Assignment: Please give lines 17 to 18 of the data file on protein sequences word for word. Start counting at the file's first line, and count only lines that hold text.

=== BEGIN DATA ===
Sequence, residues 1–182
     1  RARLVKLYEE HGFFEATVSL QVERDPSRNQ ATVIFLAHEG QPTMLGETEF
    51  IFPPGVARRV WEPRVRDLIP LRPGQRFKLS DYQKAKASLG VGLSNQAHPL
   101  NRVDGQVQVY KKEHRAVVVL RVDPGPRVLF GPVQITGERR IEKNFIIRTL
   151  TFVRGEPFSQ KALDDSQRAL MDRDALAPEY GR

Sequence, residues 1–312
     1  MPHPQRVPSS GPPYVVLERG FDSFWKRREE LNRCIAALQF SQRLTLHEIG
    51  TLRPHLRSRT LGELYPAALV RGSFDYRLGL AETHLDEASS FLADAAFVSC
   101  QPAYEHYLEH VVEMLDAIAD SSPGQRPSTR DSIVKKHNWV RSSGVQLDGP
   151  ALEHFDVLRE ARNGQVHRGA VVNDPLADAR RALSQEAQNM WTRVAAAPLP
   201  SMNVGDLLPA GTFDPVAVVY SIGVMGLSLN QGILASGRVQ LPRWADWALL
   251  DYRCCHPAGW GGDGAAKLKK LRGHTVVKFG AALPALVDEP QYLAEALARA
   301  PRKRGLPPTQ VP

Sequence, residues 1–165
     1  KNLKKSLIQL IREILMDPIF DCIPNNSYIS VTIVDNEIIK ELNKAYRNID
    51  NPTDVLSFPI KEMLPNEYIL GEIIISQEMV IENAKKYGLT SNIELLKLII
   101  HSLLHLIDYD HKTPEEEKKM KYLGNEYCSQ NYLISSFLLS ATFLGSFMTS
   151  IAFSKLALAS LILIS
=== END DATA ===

   101  HSLLHLIDYD HKTPEEEKKM KYLGNEYCSQ NYLISSFLLS ATFLGSFMTS
   151  IAFSKLALAS LILIS